The Town Square
You are standing in the middle of a pretty town square in the center of a
nondescript New England town.  Like most any other nondescript New England
towns, there's not much to see or do here, but maybe you'll find something
amusing and enjoyable to do.

A shiny metal phone booth sits in the center of the square.

> _

posted by 7segment at 7:57 AM on December 12, 2012 [2 favorites]


> get ye flask

You can't get ye flask!

> _

posted by dobi at 8:01 AM on December 12, 2012 [4 favorites]


Don't be silly, there's no such thing as phone booths anymore.
posted by ook at 8:09 AM on December 12, 2012


I passed three on my way to work in central London this morning. Admittedly all were covered in adverts for various prostitutional services, but they all appeared perfectly functioning.
posted by mippy at 8:17 AM on December 12, 2012


jklaiho - 30, married, employed, no kids. I sometimes feel similarly to how you describe. If I have some free time, the first thing I ask myself is if I can fit any quality gaming time in. Most games I prefer to play in hours-long stretches, so lately I've thrown myself into Binding of Isaac. I can play a game to death or completion in an hour or less in most cases, so weekday evenings usually go dinner, Isaac, time with wife, then after she goes to bed an hour or two of media consumption until I force myself to bed.

The upshot for me is that I do enjoy cooking and baking as hobbies, and I've managed to maintain social activities outside of the house as well.

Still, some of those weekday nights can end with some fairly intense feelings of guilt.

edited to fix broken bold tag
posted by owtytrof at 10:15 AM on December 12, 2012


It goes further. I'm on the fence about having kids. I've noticed that the fear of not being able to play video games nearly as much as I'd like after reproducing has a disproportionately large influence on the "don't have kids" side of my inner debate. From a purely rational perspective, it's ridiculous: surely I can't give video games a similar priority as the genetic imperative? And yet, instinctively, I do.

I can't speak for anyone else, but sharing games and gaming experiences with my son had the same effect on him that Sunday afternoon matinees had on me and my relationship with my father.

As I was playing the new Baldurs Gate, and the memories of my son sitting on my lap shouting directions (shoot a fireball! Dad, that kobold is getting away!) came rushing back, and made me sorely miss him at that age.

When he was older, we would play WoW together - and when he was at his moms it was a way we could keep in touch without her knowing and becoming upset.

Just the past weekend, we spent several hours talking about new games and stuff.

So, I think other parents have war movies, or fishing, or baseball, or cars or whatever as the thing they keep in common with their kids - my son and I have video games.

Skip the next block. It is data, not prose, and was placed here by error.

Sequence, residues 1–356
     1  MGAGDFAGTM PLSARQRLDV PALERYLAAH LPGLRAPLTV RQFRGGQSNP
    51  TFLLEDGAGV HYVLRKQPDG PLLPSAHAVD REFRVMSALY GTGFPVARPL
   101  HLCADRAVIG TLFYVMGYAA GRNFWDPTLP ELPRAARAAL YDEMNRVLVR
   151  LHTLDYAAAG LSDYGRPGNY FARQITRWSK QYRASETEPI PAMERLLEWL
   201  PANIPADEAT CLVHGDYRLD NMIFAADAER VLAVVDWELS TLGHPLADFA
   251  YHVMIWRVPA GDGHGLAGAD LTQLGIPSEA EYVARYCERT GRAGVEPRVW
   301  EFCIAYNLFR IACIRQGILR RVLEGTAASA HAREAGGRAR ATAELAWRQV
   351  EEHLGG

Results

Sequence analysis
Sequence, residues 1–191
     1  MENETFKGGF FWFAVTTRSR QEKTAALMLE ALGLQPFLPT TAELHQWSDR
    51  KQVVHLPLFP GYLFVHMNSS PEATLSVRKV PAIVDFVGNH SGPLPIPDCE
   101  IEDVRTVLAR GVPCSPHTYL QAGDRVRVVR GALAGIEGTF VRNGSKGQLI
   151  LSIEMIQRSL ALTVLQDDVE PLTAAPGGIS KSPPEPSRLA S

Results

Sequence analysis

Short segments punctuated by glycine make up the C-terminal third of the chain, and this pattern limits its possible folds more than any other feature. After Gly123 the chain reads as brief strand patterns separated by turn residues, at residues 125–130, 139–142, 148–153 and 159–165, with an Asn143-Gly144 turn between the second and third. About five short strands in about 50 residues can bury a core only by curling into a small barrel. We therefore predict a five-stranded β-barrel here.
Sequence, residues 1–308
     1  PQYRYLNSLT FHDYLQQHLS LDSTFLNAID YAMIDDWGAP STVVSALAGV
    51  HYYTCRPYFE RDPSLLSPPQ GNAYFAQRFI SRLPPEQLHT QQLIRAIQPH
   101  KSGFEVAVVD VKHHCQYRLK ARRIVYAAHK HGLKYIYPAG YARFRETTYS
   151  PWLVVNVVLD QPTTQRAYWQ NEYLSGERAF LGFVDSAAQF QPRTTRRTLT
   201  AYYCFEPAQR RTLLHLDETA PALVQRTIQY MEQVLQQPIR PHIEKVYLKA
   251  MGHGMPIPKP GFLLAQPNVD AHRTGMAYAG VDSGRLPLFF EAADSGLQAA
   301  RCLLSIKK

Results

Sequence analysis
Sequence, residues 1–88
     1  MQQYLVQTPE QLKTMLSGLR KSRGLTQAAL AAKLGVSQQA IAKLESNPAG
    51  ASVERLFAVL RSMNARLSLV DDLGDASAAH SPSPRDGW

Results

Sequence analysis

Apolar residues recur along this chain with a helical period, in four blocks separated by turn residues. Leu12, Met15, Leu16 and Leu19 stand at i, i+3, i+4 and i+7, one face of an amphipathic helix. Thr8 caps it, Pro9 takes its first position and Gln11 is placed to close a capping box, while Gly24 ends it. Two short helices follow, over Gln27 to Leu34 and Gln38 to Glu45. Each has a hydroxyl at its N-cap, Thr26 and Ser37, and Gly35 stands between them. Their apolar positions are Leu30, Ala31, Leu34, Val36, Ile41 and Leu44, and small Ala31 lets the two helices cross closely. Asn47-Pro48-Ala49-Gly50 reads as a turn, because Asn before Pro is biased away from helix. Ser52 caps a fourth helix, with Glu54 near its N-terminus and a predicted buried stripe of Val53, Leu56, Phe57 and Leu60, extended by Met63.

And if you enjoy it, then enjoy it. Don't feel bad. I mean, I have an uncle who spent years of his life building a model train set. I know guys who spend all their free time on their ham radios. Probably to the exclusion of some other thing. It's the balance that is the key, not so much what it is you are doing.

If you should be spending more time with your wife, then do that. But don't blame fly fishing, or working on the truck, or gardening, as the reason why you aren't doing that. That's all you, not the thing you do.
posted by Pogo_Fuzzybutt at 10:48 AM on December 12, 2012 [6 favorites]


It goes further. I'm on the fence about having kids. I've noticed that the fear of not being able to play video games nearly as much as I'd like after reproducing has a disproportionately large influence on the "don't have kids" side of my inner debate.

This has nothing to do with games, though: whatever it is you like to do, you'll probably have to give up most of it once you have a kid to raise. That's just the way the world works. This feeling doesn't mean you have a weird relationship with video games: it just means that you, like many people, don't really feel a strong a desire to have a kid.
posted by Mars Saxman at 11:37 AM on December 12, 2012 [2 favorites]


Metafilter: covered in adverts for various prostitutional services.
posted by herbplarfegan at 12:24 PM on December 12, 2012


Time you enjoy wasting is never wasted time. Who wants to spend all night every night talking to their wife? Jesus. How does that go? "Pursuant to our conversation last night, I had further thoughts on the shelf positioning of the large casserole dish." Instead of that it's "Hey, Niko, want to go bowling?" when you're on the other side of the goddamn city.
posted by turgid dahlia 2 at 2:18 PM on December 12, 2012


whatever it is you like to do, you'll probably have to give up most of it once you have a kid to raise. That's just the way the world works.

QFT. Now that I'm a parent, I think of adulthood as still wanting the things you wanted when you were younger, but having to pick and choose what you can do based on much more limited time, cost and opportunity. Prior to becoming a parent, as an adult I still felt like I had more time and opportunity than I had interests, and timesuck entertainment (like video games) was a much easier pastime to indulge in.

having said that, playing wii with my kids is a blast, so I still get a little gaming here and there
posted by davejay at 2:31 PM on December 12, 2012


When he was older, we would play WoW together - and when he was at his moms it was a way we could keep in touch without her knowing and becoming upset.

Back when I was playing WoW quasi-regularly, I was in a clan, and one evening a younger member asked for a little help running though a dungeon. I was waaay over-leveled, so I answered him, told him we'd speed through it, and he could grab all the gear. As we got started, he mentioned that normally his dad (who turned out to be another clan member) was the one who'd help him with that sort of thing, but couldn't that day. I said, "Wow, he sounds like a pretty great dad," and the kid thought for a second and said, "Yeah, he really is."

I haven't worried about gaming and having kids since.
posted by Amanojaku at 3:22 PM on December 12, 2012 [1 favorite]